top of page
  • Writer's picturePenn Chambers

Wills & Probate | Business Wills – Limited Company

Updated: Aug 8, 2023

If you own a Limited Company and have not considered a Will for your company yet, please take a moment to read this article. What is a Limited Company? A limited company is a type of business that is legally separate from its “owners” like it is a person in its own right in some ways. Usually, the shareholders own the business and the directors manage and run the business. The shareholders and directors can be one and the same person or persons. The company itself has its tax liability and the shareholders, as owners of the business have their tax liability. The limited company can employ as many people as it wishes.

What is a Will? A Will is a legal document that you or your Solicitor would prepare to manage and then distribute your assets after you pass away – it would decide things like who gets the home, who gets the chattels and so on. What is a Business Will? A Business Will is like a “normal” Will, as mentioned above, but the difference is that it deals specifically with what should happen to your business when you pass away.

The Issues for a Limited Company: If you are a director and shareholder of a business, in essence, you work in your own limited company and own your own limited company, what happens when you pass away depends entirely on the Articles of Association. In all cases, your business assets will pass to the executors of your Will as part of your estate if you have a Will. If you do not have a Will, your estate will instead come under the control of the administrators of your estate once they have been given authority to act, which may take many months. In accordance with the Articles of Association, the executors will transfer the deceased’s shares by the terms of the Articles of Association. The remaining director(s) may have to “buy” those shares for a reasonable sum, an agreed sum stated in the Articles or perhaps even be gifted the same. Exactly how the executors or administrators handle your shares in the limited company will depend on the specifics of the Articles of Association. For example:

  • The other shareholders may have the option to buy your shares before your executors sell or transfer those shares to anyone else

  • The executors might also have the right to require the other shareholders to buy your shares in the limited company.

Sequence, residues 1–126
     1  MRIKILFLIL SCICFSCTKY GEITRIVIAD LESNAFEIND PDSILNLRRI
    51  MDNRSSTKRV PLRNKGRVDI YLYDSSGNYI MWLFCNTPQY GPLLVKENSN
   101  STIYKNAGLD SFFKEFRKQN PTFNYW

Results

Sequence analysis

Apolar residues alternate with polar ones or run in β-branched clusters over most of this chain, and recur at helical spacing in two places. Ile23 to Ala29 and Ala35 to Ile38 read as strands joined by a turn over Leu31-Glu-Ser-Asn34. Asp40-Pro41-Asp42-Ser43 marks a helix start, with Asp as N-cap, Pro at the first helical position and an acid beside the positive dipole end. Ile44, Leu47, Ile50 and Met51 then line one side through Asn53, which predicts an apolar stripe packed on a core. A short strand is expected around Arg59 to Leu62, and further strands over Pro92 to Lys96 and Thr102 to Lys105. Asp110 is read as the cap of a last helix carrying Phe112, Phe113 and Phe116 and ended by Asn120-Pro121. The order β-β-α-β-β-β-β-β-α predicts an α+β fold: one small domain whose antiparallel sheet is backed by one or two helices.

Once that has taken effect, the executors or administrators would then need to pay any debts or taxes for your share of the business and the estate. They may need to sell some of your business assets to do this. The executors will then distribute any remaining property or assets (including any business assets or the sale proceeds from them) in accordance with the terms of your Will. If have not left a Will, then the administrators will distribute your net estate according to the Rules of Intestacy. If you are a shareholder in a limited company, it is vital that you check the Articles of Association to understand what would happen on the death of a shareholder. Articles of Association can be altered by agreement. It is often very prudent to prepare a Shareholders Agreement (or Cross Option Agreement) specifically to attend to these issues. It is also vital that your Will dovetails with the Articles of Association (and the Shareholders Agreement/Cross Option Agreement) so that there are no issues that arise later – as often, they can cost huge sums of money to resolve. If you seek more information on the above, please contact me. If you are a Sole Trader, please click HERE to learn more, and if you want to find out about Wills and Partnerships, please click HERE.

Shak Inayat signature

Shak Inayat | 075 38 37 38 38 The information provided in this article is not intended to constitute professional advice and you should take full and comprehensive legal, accountancy or financial advice as appropriate on your individual circumstances by a fully qualified Solicitor, Accountant or Financial Advisor/Mortgage Broker before you embark on any course of action.


Post: Blog2_Post
bottom of page